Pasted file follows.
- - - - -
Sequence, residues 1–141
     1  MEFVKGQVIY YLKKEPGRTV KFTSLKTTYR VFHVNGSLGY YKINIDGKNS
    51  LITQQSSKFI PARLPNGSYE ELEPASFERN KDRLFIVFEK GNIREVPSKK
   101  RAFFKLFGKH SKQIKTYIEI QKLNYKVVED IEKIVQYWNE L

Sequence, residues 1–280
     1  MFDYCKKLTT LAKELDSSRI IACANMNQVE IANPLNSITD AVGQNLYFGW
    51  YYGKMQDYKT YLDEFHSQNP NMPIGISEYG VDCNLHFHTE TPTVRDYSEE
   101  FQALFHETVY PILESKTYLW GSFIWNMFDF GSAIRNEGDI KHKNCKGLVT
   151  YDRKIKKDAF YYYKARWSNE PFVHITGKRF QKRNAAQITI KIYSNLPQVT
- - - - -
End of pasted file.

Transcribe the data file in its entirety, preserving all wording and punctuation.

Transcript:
Sequence, residues 1–141
     1  MEFVKGQVIY YLKKEPGRTV KFTSLKTTYR VFHVNGSLGY YKINIDGKNS
    51  LITQQSSKFI PARLPNGSYE ELEPASFERN KDRLFIVFEK GNIREVPSKK
   101  RAFFKLFGKH SKQIKTYIEI QKLNYKVVED IEKIVQYWNE L

Sequence, residues 1–280
     1  MFDYCKKLTT LAKELDSSRI IACANMNQVE IANPLNSITD AVGQNLYFGW
    51  YYGKMQDYKT YLDEFHSQNP NMPIGISEYG VDCNLHFHTE TPTVRDYSEE
   101  FQALFHETVY PILESKTYLW GSFIWNMFDF GSAIRNEGDI KHKNCKGLVT
   151  YDRKIKKDAF YYYKARWSNE PFVHITGKRF QKRNAAQITI KIYSNLPQVT